The plunger tube is well-known to break and disable the pistol. It appears completely unnecessary to the design of the pistol, and I've always wondered why the heck it's on the gun.



    2. Disassembly is significantly more complicated than modern designs. I'm sure it was a great innovation in simplicity at the time. It's not particularly difficult. But it's just not as easy. Even adding a disassembly notch on the slide (similar to the Hi-Power) would greatly help things.

    3. Maintenance is required more frequently than modern designs. You can't just put on a little slide grease and a dab of oil here and there and be okay for months. Heck, I haven't lubed my Glock 19 (daily carry gun) for a long time.. I fired over 2500 rounds with no cleaning or lube over the course of 6 months, and still no malfunctions (I carried another gun while doing this test).

    I believe this may be a result of the longer slide rails on the frame, as well as the larger surface area of interacting parts as compared to the Glock. Less surface area means less friction. It doesn't take a whole lot of rail to keep the slide on.

    4. Extractor. It requires tuning. No part on the gun should require tuning to work correctly. A monkey should be able to slap a replacement part in the gun and have it work correctly. For various reasons, an external extractor doesn't work well in a 1911 - I say redesign the slide to use a more robust extractor.

    5. Reliability. Yes, I know, you 1911 fans are going to say that your 1911 works perfectly. But there's a lot of them out there that DON'T work perfectly. The 1911 lacks what is called "robustness" in Mechanical Engineering. Robustness is the measure of a machine or part's ability to operate successfully in a wide variety of input conditions. For instance, a gun which can cycle fire without malfunction any .45 load from 185gr @ 600 fps all the way up to 250gr @ 1000 fps would be a very robust gun - whereas a gun that will only function with 230gr bullets traveling between 830-840 fps is not robust.

    What I'm saying is that there are a number of variables which may conspire to cause a 1911 to malfunction - an extractor, feed ramp, magazine follower, magazine spring, slide stop, grip safety; shape/size/power/specs of the ammo; lube condition, etc. Any of those slightly out of spec can cause a 1911 to malfunction. Some of the better modern designs can be quite robust, working even with completely broken or missing parts, bad ammo, no lube, etc.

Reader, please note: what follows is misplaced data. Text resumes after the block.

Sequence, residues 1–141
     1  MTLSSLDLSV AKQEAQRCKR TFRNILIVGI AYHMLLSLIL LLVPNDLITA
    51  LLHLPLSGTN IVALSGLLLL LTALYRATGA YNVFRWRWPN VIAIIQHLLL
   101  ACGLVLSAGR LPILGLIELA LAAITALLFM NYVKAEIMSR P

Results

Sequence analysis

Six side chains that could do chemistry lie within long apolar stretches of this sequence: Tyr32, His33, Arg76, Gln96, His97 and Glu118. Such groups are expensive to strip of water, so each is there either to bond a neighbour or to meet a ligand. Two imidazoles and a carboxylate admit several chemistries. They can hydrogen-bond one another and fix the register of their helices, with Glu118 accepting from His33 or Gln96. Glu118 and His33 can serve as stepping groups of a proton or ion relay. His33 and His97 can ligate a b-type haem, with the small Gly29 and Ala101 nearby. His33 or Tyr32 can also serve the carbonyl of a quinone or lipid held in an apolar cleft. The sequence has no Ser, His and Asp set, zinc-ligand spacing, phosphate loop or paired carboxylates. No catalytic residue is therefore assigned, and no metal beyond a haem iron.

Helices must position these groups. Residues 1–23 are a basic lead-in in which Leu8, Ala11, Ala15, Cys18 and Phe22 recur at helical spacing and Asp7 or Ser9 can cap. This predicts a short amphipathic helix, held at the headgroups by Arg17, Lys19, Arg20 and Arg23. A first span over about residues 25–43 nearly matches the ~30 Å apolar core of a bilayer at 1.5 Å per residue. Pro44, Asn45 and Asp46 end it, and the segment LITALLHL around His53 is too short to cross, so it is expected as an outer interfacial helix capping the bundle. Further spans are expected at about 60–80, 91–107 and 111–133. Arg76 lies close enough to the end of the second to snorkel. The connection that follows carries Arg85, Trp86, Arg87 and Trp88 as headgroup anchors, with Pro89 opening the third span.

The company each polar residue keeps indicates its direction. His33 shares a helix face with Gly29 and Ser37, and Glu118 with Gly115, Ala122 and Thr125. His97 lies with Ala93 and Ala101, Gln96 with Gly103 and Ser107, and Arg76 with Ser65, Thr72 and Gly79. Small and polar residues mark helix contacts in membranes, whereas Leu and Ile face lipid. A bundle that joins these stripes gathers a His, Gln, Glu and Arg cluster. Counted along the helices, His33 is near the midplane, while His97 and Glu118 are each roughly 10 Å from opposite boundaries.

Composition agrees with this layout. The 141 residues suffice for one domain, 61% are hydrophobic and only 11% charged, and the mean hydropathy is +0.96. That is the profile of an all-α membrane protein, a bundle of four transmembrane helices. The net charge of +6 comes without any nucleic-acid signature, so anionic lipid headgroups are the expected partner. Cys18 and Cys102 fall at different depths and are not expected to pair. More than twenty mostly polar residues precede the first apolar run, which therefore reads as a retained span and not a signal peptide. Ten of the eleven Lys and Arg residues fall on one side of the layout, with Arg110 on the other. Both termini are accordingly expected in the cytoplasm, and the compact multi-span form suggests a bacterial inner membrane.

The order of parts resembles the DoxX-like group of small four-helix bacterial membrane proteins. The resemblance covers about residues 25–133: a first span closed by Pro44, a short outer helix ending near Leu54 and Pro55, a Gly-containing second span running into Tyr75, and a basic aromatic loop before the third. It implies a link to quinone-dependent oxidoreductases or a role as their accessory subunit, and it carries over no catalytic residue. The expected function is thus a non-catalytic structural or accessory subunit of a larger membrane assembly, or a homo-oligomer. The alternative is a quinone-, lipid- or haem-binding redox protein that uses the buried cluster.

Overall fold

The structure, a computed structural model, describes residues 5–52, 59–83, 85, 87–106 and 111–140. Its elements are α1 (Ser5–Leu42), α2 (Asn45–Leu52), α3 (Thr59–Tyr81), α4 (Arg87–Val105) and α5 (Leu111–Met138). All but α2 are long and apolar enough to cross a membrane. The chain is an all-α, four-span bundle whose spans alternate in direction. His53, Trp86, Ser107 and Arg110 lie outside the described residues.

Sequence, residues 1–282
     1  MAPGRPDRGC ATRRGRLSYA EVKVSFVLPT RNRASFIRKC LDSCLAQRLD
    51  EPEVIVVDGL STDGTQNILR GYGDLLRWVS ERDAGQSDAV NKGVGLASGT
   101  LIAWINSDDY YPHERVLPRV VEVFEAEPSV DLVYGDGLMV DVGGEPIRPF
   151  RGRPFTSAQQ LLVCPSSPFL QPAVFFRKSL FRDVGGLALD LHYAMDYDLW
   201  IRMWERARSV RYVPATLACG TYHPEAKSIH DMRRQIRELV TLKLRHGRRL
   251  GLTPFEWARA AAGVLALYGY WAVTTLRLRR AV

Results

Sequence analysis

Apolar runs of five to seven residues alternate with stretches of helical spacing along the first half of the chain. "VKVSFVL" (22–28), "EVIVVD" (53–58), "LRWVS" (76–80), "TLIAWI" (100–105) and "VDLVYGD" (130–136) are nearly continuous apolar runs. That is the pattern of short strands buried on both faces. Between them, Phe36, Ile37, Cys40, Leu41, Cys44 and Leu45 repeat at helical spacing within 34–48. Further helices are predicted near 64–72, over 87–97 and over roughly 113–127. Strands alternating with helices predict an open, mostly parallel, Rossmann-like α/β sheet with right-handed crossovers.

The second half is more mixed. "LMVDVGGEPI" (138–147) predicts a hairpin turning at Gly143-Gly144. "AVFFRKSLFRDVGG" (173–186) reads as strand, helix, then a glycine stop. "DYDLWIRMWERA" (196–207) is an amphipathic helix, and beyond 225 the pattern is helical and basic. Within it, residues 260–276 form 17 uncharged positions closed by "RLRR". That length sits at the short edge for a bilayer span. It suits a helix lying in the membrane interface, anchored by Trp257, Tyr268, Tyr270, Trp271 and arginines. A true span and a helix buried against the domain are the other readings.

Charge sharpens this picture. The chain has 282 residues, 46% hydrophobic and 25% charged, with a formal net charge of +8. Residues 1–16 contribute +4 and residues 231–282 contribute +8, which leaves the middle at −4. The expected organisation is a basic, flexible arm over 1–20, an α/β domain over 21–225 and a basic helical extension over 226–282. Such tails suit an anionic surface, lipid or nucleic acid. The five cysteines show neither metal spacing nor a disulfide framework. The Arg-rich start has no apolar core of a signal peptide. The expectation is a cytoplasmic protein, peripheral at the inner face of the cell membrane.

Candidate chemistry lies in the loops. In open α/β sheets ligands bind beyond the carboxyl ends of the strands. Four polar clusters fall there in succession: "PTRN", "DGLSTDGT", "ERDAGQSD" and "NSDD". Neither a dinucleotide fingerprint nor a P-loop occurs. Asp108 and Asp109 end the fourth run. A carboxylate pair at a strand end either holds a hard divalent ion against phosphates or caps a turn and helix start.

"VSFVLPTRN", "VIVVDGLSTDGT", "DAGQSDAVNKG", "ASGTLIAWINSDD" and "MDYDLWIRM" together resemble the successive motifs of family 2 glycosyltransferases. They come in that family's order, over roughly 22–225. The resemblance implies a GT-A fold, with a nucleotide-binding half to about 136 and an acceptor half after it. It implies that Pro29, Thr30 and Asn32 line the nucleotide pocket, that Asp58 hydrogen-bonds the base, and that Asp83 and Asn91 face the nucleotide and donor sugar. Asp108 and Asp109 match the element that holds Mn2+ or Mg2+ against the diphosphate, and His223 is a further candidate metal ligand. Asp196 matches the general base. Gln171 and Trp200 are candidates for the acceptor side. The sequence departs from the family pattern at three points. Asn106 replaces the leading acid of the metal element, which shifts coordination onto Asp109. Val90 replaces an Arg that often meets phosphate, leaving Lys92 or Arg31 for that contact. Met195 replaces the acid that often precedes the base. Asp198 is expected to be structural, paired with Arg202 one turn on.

If I were to redesign a modern version of the 1911, it would have a linkless ejection-port single lug barrel, shorter slide rails, simpler disassembly, a from-scratch external extractor, etc.
     
  10. Lonestar49

    Lonestar49 Member

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    ...

    My only complaint is why JB couldn't figure out, like say, my Sigs, a way to break-down the gun easily, simply, by way of locking the slide open, then simply pushing out the retaining pin, instead of the way they are..

    Other than that, no complaints, quite the opposite.


    Ls
     
  11. SuperNaut

    SuperNaut Member

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    Thanks Naked Prophet, interesting stuff.

    I've had the same thoughts about the plunger tube myself.
     
  12. esq_stu

    esq_stu Member

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    Out of the box reliability. There's too much uncertainty from one make/model to another.

    Why should the same basic design work so differently from one version to another? Why should I have to go to a web forum and ask whether this brand or that brand is reliable out of the box? I don't see this problem happen with CZ-75 clones. The only thing I can think of is a design flaw that makes it too sensitive to small errors in manufacturing.

    I've owned several 1911s. They've all had good days and bad days. That does not happen to me with Glocks, Sigs, Makarovs, etc.
     
  13. DougDubya

    DougDubya Member

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    Problem? Very few ambi-1911's straight from the box. And ones with nice, low profile thumb safeties.

    What's with needing to crutch your thumb on the safety shelf anyhow?